As a kickstarter backer of Next Thing Co.’s C.H.I.P, I was able to receive the miniature $9 computer this past week. While I have not yet had any time to go and play around with it, I figured I would write a post for those of you wanting to know more about the device. Below is a picture of what the C.H.I.P looks like.
What is it?
As mentioned previously, the CHIP is a tiny computer offered by a California startup named Next Thing Co. (http://www.nextthing.co/)The CHIP comes equipped with a 1 GHz processor, 512MB of RAM, composite port, 1 USB slot and micro-USB port. While the 1 USB port may not be enough to connect a USB mouse and keyboard, you can however, connect 1 of these peripheral devices via USB and the other (as long as it is supported) using bluetooth. The CHIP comes with both built in WiFi and Bluetooth. The neat thing about the CHIP is that it comes with 4GB of storage, you can increase the amount of storage by plugging in flash storage into the USB port. The CHIP runs on the Linux operating system.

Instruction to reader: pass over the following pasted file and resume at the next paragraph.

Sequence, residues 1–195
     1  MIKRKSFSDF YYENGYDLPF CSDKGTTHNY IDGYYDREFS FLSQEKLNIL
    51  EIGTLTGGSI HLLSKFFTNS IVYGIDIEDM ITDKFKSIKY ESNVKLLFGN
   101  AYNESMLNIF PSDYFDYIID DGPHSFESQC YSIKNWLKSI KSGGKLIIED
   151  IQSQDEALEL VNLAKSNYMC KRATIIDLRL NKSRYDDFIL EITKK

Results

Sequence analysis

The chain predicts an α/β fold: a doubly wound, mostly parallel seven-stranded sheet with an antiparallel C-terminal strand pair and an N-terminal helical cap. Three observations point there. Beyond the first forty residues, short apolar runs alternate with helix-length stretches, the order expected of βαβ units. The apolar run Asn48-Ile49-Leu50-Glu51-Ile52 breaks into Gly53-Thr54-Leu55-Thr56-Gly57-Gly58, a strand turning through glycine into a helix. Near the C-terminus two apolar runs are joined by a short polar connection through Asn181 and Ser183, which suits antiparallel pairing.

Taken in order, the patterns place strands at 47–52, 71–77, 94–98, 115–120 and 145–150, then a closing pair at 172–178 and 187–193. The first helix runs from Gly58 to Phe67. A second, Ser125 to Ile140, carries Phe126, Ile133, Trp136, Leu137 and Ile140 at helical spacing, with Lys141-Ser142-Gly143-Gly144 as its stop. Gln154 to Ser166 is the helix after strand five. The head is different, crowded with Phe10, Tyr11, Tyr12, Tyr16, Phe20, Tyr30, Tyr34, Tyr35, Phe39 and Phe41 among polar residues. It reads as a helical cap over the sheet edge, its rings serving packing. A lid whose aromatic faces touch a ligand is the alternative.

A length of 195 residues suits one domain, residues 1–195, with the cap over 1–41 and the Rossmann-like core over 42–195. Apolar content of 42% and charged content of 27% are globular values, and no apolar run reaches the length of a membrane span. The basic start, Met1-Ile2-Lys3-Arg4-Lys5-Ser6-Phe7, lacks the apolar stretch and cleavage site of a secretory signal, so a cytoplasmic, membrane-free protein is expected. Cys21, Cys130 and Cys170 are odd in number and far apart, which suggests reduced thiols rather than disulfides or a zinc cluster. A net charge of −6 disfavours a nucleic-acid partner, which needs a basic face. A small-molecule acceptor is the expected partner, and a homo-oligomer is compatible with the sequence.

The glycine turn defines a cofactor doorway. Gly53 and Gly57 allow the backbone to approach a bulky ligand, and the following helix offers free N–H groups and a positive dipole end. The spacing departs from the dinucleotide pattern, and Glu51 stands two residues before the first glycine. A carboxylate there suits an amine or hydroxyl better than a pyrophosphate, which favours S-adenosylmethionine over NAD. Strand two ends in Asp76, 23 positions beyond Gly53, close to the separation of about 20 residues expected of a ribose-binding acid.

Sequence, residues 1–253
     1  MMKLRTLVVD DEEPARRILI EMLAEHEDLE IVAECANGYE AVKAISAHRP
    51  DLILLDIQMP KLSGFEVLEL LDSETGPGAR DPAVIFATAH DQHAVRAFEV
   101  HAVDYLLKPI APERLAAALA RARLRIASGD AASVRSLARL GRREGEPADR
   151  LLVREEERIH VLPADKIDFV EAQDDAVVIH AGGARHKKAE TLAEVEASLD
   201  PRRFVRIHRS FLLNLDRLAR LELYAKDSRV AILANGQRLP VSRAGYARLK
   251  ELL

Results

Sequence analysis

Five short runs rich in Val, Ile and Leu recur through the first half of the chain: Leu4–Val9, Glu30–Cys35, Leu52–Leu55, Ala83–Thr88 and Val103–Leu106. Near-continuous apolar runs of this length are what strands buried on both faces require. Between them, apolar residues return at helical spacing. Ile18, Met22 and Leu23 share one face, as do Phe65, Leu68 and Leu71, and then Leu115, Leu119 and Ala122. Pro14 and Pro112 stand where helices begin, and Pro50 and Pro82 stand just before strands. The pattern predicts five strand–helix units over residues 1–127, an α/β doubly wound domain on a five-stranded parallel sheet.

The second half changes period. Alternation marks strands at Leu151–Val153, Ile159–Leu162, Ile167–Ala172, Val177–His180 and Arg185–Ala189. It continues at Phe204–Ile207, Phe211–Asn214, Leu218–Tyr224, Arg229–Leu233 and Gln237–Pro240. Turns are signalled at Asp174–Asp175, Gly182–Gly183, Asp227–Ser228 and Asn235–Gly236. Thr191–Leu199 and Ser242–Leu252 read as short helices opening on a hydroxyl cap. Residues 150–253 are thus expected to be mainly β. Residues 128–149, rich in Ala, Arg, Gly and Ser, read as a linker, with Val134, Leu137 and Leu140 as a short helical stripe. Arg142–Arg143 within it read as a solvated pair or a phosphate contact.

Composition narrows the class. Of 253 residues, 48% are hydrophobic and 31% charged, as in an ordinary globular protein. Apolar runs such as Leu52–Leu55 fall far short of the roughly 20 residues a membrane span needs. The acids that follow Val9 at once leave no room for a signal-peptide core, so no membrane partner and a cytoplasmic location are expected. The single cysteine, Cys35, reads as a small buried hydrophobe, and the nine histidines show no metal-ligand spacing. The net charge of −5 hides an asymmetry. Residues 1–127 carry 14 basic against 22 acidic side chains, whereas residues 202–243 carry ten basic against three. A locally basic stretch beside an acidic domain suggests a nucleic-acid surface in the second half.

How does it compare to the Raspberry Pi?
You have seen my previous posts about the Raspberry Pi , so how does the CHIP stack up against the Raspberry Pi? Well… lets cover the obvious first: Price, the CHIP comes in at $9. The Raspberry Pi is approximately $30, depending on the model. The Pi Zero is $5, however keep in mind, at the time of this post, all models of Raspberry Pi’s will require you to purchase additional storage to use. Power adapters will need to be purchased for both products. The CHIP comes with a composite cable you can use to hook up to a monitor/TV. The Raspberry Pi’s will need an additional video cable should you decide to use it with a monitor/TV.
Next up connections: The CHIP only comes with one USB and one micro-USB slot, where the Raspberry Pi’s range from 1 to 4 slots (depending on the model), Unlike the Raspberry Pi, the CHIP does not have a Ethernet connection however, it does come with Bluetooth and Wi-Fi built in. The Raspberry Pi falls short on these offerings, and you will need to purchase additional dongles should you want to use Wi-Fi or Bluetooth.
As for Storage: The CHIP comes standard with 4GB of on-board flash memory, which again, you can expand this by plugging in additional flash storage. The Raspberry Pi’s do not come with on-board storage but rather, rely on SD or microSD cards.
And lastly Power: Depending on the model, the Raspberry Pi will operate at 700 MHz – 1 GHz ARM based processors and anywhere between 256MB to 1GB of memory. The CHIP on the other hand, comes with a 1 GHz ARM based processor with 512MB of memory.
And the Verdict… For now, its up to you, both products are remarkable tiny computers packing a serious punch for a variety of fun and educational products. Try them both (or more) and let me know where you stand.